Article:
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#off-topic
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2020-12-19
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Ben Sless13:12:07

qq regarding copyright and IP: If as part of my project I'm providing a ns which should provide a sort of drop-in replacement to clojure.core and the code in it is very similar, do I need to include the copyright heading from the original clojure.core file?

andy.fingerhut13:12:37

I am not a lawyer, but that sounds like a pretty clear case of derived code, and sounds safest to me if you would keep the copyright notice of the original file.

borkdude13:12:57

@UK0810AQ2 A colleague of mine made an "alternative" clojure core: https://github.com/dunaj-project/dunaj Maybe worth checking.

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Ben Sless13:12:36

It is fair to say the code is pretty derivative. The main question is do I need to just include a EPL1.0 header and/or keep

;;; Copyright (c) Rich Hickey. All rights reserved.

borkdude13:12:30

If have copied a couple of core namespaces and made modifications for graalvm. e.g. clojure.test. I left the original copyright statement on top

borkdude13:12:11

Maybe best to ask @U064X3EF3 about this

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Ben Sless13:12:10

Thanks for the answers in the meanwhile 🙂 We'll see what Alex says when he has time

alexmiller14:12:24

It’s not up to me, just follow what the license says. If you copy or modify the code... “When the Program is made available in source code form: a) it must be made available under this Agreement; and b) a copy of this Agreement must be included with each copy of the Program. Contributors may not remove or alter any copyright notices contained within the Program. Each Contributor must identify itself as the originator of its Contribution, if any, in a manner that reasonably allows subsequent Recipients to identify the originator of the Contribution.”

alexmiller14:12:21

It’s your legal responsibility to read, understand. and follow the license

Ben Sless14:12:59

Which is exactly why I'm here, double checking myself. I think > a copy of this Agreement must be included with each copy of the Program Answers my question

Ben Sless15:12:33

And I apologize if it appears like I'm being lazy, I'm neither a lawyer or a native English speaker, so I'd rather ask now than hire an international IP lawyer down the line

alexmiller16:12:24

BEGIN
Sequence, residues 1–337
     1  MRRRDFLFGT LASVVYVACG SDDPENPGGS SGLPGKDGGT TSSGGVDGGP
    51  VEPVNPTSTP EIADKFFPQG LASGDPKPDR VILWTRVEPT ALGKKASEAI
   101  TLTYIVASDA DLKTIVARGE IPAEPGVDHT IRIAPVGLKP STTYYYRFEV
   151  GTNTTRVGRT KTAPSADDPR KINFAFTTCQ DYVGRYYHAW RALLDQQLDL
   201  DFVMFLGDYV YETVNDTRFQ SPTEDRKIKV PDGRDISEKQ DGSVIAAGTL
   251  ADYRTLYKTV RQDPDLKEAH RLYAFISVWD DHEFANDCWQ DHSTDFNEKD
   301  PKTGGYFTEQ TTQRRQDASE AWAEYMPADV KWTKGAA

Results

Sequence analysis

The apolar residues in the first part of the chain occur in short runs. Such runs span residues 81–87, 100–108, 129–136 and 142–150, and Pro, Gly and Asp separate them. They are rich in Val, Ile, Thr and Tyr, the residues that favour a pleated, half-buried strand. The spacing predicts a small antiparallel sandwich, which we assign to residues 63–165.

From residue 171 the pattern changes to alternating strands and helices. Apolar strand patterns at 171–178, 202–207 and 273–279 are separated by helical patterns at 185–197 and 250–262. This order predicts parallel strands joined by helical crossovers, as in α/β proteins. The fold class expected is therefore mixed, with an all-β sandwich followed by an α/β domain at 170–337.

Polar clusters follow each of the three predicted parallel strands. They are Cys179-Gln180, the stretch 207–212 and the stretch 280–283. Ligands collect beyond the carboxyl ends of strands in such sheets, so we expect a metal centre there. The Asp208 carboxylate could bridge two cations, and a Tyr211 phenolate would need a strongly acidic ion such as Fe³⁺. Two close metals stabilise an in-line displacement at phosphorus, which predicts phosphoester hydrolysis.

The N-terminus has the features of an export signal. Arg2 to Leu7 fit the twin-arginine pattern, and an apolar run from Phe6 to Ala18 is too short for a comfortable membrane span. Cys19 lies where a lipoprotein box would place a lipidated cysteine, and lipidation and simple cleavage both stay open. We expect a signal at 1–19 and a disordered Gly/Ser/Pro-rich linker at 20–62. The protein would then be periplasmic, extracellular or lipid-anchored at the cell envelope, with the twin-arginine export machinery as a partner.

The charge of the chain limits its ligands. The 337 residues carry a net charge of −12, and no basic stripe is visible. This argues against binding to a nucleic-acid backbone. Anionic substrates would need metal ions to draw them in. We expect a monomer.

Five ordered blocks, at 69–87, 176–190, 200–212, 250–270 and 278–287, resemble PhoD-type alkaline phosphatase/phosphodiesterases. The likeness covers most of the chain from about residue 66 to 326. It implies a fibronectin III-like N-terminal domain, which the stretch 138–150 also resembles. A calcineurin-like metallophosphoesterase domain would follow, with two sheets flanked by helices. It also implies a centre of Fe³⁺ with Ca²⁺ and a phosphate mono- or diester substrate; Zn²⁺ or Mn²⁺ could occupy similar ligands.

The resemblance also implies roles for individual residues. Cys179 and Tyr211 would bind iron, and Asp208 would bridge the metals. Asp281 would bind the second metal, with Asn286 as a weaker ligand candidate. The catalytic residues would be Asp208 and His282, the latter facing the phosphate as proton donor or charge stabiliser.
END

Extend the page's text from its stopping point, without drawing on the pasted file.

I’m not trying to say you’re lazy or anything, just that I can’t advise as requested other than to say, follow the license, that’s why it exists

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Ben Sless16:12:50

No worries, just trying to make sure I'm actually following it and didn't miss anything, which, for example, I think I missed the requirement to include a copy of the original licence in code form distribution, so it's good that I'm going over it again and asking questions

p-himik16:12:59

Just noticed that my app restarts more often than it should on Heroku. Apparently, it's supposed to: "Dynos are also restarted (cycled) at least once per day to help maintain the health of applications running on Heroku". Not sure how I feel about this approach...

Timur Latypoff16:12:38

I think this approach is pretty rude, but also it is very practical. At least it forces developers to ditch the assumption of "always on", to think about proper persistence of state and fast startup (which are all important for proper on-demand scaling as well).

p-himik16:12:11

True. But this practicality is a one-off. When I adopt that approach, I no longer need that kick up the butt every 24 hours.

andy.fingerhut16:12:36

I do not know the reasons they do it, but I have heard that AWS charges people less for CPU rental if they are willing to have their application shut down on short notice. I suspect this is cheaper for AWS to provide, since it allows them to re-balance load on a time basis of their choosing, in case things became unbalanced, and/or some new higher-priced offers to rent bare metal machines or clusters come along later.

p-himik16:12:04

The AWS approach makes sense. But it's unlikely that it's related to Heroku - after all, they promise you a particular uptime and this cycling is unconditional (assuming you don't restart dynos yourself - then the timer resets).

orestis17:12:33

I think this is more related to common practice of Python/Ruby apps that would restart after serving eg 100 requests to avoid memory leaks.

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javahippie17:12:07

As I understood it, Heroku restarts your application once a day to apply patches to the underlying engine and pods, if they are always on, there was no way to do this. If you need 24/7, you have to throw some bucks in and scale up to two nodes. If you have two, Heroku will perform the restart at different times, so your app will always be available

orestis17:12:37

That’s actually a good strategy. AWS applies managed patches to Elastic Beanstalk and relies on your rolling policy for HA

p-himik17:12:11

@U0N9SJHCH This is separate. At least, according to my understanding of this sentence: "In addition, dynos are restarted as needed for the overall health of the system and your app". I can understand a restart every other week or so because of some updates (and even then, AFAIK in principle containers can be suspended and resumed on a new host). But "every 24h" goes beyond that.

javahippie17:12:14

This is the sentence I’d interpret as “applying patches”, but you are right, it’s very ambiguous.

noisesmith18:12:20

yeah, heroku started out as a ruby oriented service, and the only way to run ruby apps is to constantly restart to constrain memory leaks

noisesmith18:12:08

I've run clojure apps for a year + at a time with no memory issues...